Hurricane Roslyn - October 18-26, 1986

Tropical Depression 24 originated as a tropical disturbance which moved westward offshore
Nicaragua.  During the early afternoon of the 15th, ship reports indicated the formation of a
tropical depression near 10.2N 92.7W.  The cyclone moved at a quick pace to the west-
northwest south of a warm-core ridge.  Early on the morning of the 16th, Roslyn became a
tropical storm.  By the morning of the 17th, it had developed into a hurricane south of Acapulco.

A virgorous upper trough was deepening offshore Baja California, and Roslyn began to recurve
within a few hundred miles of Manzanillo.  Striking Mazatlan as a marginal hurricane on the 20th,
its upper level portion moved northeast thereafter spurring cyclogenesis in the western Gulf of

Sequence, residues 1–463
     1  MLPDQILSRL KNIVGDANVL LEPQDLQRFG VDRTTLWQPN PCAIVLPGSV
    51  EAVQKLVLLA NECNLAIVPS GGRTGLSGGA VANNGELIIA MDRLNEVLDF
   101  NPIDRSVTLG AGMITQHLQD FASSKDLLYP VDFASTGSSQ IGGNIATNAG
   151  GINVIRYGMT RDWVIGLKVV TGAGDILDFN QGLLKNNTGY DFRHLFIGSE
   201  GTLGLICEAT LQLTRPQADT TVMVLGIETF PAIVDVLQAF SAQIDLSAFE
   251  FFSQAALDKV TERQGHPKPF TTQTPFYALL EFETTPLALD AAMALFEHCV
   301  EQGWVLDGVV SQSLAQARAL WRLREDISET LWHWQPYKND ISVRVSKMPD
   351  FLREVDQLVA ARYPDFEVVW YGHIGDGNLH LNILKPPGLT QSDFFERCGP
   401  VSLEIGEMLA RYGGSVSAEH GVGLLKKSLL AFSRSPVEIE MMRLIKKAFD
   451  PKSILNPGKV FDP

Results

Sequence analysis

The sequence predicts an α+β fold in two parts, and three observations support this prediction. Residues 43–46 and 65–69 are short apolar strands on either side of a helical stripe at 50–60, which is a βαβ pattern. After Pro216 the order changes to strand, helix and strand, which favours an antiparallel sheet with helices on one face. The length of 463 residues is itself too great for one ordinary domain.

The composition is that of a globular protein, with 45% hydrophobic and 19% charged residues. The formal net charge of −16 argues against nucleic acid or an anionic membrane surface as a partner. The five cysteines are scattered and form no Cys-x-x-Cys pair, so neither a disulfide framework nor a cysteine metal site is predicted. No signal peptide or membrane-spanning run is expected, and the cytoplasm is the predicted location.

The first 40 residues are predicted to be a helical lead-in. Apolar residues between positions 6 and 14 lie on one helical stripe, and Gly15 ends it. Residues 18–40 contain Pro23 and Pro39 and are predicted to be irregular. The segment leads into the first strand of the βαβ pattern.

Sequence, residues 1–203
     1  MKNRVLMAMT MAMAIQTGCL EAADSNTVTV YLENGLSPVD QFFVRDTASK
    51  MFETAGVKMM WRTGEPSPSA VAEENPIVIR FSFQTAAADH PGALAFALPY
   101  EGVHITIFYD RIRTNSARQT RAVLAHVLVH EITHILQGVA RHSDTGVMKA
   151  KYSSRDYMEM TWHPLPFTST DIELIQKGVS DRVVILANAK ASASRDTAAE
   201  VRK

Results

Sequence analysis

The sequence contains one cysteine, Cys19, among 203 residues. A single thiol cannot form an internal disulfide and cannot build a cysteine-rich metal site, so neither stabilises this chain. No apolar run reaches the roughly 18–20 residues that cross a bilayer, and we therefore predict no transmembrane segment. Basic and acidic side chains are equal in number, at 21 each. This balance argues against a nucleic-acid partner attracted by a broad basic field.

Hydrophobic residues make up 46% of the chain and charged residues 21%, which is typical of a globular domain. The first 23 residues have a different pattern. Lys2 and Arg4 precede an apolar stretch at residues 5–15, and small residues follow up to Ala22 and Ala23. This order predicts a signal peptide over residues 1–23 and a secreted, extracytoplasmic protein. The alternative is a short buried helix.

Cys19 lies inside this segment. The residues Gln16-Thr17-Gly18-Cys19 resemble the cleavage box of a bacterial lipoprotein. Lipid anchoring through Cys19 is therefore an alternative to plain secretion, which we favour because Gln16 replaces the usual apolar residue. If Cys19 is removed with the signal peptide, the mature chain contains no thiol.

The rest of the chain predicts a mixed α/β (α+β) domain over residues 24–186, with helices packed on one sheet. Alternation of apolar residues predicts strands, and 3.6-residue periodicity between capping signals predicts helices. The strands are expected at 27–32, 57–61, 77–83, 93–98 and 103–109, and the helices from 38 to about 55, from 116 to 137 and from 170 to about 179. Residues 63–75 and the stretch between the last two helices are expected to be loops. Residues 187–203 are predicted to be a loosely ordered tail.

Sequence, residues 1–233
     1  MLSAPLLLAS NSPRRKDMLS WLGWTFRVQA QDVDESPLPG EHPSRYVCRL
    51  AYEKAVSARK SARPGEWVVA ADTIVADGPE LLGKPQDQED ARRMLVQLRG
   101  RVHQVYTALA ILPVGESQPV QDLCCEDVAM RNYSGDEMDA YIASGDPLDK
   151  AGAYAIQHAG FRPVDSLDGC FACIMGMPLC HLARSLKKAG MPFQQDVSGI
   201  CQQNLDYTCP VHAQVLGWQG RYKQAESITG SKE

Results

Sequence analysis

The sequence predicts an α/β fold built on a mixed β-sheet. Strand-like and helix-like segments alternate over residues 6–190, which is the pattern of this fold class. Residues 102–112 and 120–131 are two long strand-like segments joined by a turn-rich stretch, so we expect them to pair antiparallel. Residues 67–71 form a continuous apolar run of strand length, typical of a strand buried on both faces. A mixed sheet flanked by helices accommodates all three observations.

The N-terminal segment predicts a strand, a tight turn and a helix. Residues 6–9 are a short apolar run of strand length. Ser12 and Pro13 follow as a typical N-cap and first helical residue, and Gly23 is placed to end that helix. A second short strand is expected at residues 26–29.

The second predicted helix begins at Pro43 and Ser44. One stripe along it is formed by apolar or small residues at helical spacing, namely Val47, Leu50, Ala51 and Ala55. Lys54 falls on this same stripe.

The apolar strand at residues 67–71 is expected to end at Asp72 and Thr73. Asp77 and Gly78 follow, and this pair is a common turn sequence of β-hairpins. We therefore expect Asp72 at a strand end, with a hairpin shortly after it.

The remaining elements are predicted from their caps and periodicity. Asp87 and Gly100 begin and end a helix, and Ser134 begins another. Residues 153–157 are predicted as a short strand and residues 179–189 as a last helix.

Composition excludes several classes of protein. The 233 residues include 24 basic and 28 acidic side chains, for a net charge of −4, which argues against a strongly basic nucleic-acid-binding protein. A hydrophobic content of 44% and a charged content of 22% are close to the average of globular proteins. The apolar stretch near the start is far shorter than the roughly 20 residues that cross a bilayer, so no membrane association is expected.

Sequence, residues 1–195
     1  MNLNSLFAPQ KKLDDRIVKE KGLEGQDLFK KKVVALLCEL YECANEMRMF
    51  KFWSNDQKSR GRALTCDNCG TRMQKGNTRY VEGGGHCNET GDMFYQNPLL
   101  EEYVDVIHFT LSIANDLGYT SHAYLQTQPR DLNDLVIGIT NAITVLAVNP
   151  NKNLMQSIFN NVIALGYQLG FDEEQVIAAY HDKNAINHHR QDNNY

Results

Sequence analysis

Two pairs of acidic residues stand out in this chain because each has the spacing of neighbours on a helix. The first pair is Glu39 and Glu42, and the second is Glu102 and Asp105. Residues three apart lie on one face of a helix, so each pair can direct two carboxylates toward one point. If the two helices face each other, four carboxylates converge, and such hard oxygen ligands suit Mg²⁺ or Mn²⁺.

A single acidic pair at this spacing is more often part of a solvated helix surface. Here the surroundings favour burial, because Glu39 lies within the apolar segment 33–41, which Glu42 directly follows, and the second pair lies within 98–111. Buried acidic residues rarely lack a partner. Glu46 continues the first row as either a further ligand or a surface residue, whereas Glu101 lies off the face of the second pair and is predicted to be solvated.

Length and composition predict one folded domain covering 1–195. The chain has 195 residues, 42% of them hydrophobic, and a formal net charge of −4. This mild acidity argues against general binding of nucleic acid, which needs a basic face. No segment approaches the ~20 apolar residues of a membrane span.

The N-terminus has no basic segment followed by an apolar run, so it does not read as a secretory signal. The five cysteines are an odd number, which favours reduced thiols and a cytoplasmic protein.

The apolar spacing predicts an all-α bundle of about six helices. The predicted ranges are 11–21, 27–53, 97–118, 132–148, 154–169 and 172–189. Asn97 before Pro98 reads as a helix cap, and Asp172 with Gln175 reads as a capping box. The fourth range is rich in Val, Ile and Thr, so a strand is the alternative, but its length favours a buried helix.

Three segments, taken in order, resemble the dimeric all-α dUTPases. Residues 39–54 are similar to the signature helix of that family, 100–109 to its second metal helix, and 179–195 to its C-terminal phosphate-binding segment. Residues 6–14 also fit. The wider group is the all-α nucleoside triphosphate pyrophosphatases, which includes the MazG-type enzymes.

Mexico along the frontal zone, causing heavy rains along the Middle Texas coast.  The surface low
occluded and moved northward through the Mississippi Valley, spreading light to moderate rains
along its path.  However, its upper level portion continued moving eastward, spreading rains across
the Deep South. The storm total rainfall map below was constructed using data from the National
Climatic Data Center and the Comision Nacional del Agua, the parent agency of Mexico's national
weather service.

Roslyn (1986) Storm Total Rainfall
Roslyn (1986) Storm Total Rainfall Roslyn (1986) Storm Total Rainfall